• Norah

        Thanks so much for your kind words, D. I’m looking forward to being back in the saddle again soon.

  5. D. Avery @shiftnshake

    Kid and Pal suggest we mention a prompt that nearly whupped us. There have been many, most recently Monreal Dorb. There have been many weeks when I curse the venerable Perfesser Mills and scream in my heart “What the heck?” and then walk away, let it tumble, thinking/not thinking until an idea pops to the surface ready to be worked. Unicorns… wasn’t here for the first unicorn prompt, doubled down on the cursing for the second one. Cheated as I recall… went with narwhal whales. There’s always a go-round, as long as it’s 99 words, no more, no less.

    (PS, that just happens to be a 99 word rant! Dang you Perfesser Mills!)

    • Charli Mills

      Ha, ha! If your gonna rant, do so in 99 words. Well, look out ’cause Anne has inspired something next week and it might or might not involve a unicorn.

  6. Jules

    99 words in not that far off from other limited word flash fictions I used to partake in. To me the 99 word limit is close to writing a poem. 99 words in fiction or non, though is more like one or two maybe three short paragraphs.

    So I just adapted the way I told the story. And sometimes I still make a ‘haibun’ out of it… I’m sure though I wasn’t the first to contribute a poem in 99 words. And I’m glad that I encouraged others to try using poetry as well in their 99 word ‘stories’.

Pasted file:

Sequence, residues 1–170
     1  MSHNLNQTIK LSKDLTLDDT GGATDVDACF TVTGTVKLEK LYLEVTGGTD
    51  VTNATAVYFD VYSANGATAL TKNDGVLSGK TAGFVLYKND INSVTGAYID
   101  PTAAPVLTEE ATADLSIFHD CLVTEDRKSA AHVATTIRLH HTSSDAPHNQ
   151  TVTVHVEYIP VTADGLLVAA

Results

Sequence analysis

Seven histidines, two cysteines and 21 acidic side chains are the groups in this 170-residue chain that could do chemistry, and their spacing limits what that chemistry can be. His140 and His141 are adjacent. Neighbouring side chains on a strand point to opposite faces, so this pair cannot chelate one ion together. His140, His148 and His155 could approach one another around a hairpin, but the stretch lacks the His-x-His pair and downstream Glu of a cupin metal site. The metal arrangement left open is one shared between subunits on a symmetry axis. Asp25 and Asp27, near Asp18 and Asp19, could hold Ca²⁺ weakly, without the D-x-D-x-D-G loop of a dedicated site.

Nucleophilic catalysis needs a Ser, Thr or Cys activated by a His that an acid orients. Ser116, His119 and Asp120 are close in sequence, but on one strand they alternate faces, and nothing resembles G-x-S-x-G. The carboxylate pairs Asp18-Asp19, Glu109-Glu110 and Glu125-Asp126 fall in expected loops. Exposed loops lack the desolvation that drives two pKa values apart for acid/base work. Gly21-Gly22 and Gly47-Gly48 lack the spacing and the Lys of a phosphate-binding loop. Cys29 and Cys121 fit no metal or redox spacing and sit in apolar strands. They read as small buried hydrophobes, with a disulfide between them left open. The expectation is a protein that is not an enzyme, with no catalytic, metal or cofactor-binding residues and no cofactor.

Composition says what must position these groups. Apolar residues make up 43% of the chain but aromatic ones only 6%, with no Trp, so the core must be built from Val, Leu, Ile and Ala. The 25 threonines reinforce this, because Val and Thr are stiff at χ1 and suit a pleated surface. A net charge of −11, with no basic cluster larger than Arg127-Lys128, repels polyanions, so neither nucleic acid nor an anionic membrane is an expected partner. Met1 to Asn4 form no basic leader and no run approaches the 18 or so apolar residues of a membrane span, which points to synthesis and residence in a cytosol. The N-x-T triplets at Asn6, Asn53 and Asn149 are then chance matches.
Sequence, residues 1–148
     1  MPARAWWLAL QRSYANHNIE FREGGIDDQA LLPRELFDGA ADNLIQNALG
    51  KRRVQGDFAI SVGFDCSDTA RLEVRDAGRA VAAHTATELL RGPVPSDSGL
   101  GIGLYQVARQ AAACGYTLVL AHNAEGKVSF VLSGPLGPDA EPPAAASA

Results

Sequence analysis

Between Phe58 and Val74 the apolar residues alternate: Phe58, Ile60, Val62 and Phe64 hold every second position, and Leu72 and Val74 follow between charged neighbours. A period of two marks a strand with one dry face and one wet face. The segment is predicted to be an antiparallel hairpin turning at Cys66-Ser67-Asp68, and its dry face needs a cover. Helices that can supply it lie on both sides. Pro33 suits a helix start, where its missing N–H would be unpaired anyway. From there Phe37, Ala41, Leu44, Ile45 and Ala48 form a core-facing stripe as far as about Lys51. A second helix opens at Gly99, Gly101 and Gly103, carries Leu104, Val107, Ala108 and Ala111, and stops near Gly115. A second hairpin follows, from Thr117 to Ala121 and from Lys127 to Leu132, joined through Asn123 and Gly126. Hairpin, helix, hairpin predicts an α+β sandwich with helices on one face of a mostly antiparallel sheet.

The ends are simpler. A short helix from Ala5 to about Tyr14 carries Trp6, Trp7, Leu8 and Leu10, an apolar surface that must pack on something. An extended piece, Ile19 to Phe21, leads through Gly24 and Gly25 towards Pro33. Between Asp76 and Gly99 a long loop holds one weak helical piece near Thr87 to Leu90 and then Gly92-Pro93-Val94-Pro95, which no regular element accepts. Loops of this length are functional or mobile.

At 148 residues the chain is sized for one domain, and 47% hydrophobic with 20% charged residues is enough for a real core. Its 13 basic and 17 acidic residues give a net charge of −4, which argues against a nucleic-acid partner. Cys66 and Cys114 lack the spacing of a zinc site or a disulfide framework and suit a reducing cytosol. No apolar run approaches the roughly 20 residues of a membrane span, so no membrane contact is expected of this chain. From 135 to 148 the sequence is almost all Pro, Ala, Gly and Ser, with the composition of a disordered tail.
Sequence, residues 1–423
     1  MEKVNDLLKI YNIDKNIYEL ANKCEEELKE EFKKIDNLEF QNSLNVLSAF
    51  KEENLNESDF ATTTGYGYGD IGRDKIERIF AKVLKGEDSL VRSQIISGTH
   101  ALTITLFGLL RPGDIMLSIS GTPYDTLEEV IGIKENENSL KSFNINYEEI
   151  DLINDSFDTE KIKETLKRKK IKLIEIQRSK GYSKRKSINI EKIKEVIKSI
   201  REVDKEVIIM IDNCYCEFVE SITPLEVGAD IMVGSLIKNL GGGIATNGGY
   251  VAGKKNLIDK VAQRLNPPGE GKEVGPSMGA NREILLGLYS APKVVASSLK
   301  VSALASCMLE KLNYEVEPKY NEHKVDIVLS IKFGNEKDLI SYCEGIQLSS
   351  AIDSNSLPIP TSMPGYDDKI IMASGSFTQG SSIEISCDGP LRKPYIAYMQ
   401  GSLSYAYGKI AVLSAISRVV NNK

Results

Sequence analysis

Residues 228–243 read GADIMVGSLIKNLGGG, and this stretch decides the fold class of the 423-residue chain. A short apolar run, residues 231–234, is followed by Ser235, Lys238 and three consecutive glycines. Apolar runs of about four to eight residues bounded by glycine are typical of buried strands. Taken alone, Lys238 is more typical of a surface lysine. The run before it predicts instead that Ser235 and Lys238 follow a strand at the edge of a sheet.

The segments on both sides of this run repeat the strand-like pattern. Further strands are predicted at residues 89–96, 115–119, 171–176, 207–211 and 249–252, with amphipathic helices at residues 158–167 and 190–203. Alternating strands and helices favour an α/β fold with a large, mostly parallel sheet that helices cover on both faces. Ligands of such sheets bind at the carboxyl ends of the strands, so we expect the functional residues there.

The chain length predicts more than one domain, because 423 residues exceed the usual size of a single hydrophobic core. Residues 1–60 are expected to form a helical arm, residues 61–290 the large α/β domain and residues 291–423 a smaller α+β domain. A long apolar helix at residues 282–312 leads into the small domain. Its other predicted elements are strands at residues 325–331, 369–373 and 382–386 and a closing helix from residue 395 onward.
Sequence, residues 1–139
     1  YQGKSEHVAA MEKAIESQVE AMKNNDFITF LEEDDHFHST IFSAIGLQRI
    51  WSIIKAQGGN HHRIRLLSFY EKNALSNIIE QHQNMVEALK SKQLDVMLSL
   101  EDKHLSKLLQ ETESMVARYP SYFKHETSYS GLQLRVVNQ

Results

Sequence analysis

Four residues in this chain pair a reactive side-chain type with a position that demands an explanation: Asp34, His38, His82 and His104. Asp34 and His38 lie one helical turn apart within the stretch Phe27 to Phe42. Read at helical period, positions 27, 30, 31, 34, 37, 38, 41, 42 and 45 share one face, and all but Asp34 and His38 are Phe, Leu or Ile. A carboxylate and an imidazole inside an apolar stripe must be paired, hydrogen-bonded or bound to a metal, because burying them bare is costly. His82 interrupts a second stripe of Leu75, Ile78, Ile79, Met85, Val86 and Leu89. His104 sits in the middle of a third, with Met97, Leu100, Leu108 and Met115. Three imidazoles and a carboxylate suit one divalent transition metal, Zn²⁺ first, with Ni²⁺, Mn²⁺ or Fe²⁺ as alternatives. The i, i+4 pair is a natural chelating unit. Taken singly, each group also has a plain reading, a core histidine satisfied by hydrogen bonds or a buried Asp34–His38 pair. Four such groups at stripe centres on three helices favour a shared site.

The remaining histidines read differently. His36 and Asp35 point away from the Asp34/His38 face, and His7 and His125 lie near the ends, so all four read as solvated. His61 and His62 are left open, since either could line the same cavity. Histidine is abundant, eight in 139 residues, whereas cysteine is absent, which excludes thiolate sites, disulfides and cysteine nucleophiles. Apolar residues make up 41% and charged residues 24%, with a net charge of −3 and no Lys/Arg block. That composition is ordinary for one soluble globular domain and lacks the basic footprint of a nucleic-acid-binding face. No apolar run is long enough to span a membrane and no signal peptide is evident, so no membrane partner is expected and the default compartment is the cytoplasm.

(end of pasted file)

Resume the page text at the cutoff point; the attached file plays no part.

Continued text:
(in 99 words)

    • D. Avery @shiftnshake

      Total flexibility here at the Ranch- prose, poetry, fiction, BOTS, essay- as long as it’s 99 words, no more no less. I too have done some other challenges but no matter the word count I prefer the puzzling of a specific number given, not “no more than” or “about” x amount.
      Yep, ya never know what’s gonna fall outta yer pen. Fun forms with Jules!

  7. Irene Waters 19 Writer Memoirist

    Lovely to listen to Anne, Norah and Charli read from the anthology and discuss writing 99 words. I think there is no doubt about it – writing 99 words hones your writing whatever the genre.

    • D. Avery @shiftnshake

      No doubt! And a useful tool with many applications. Sometimes 99 is a beginning, sometimes a distilled end product. All good.
      Irene I hope you got a pint at the bar while here at the saloon.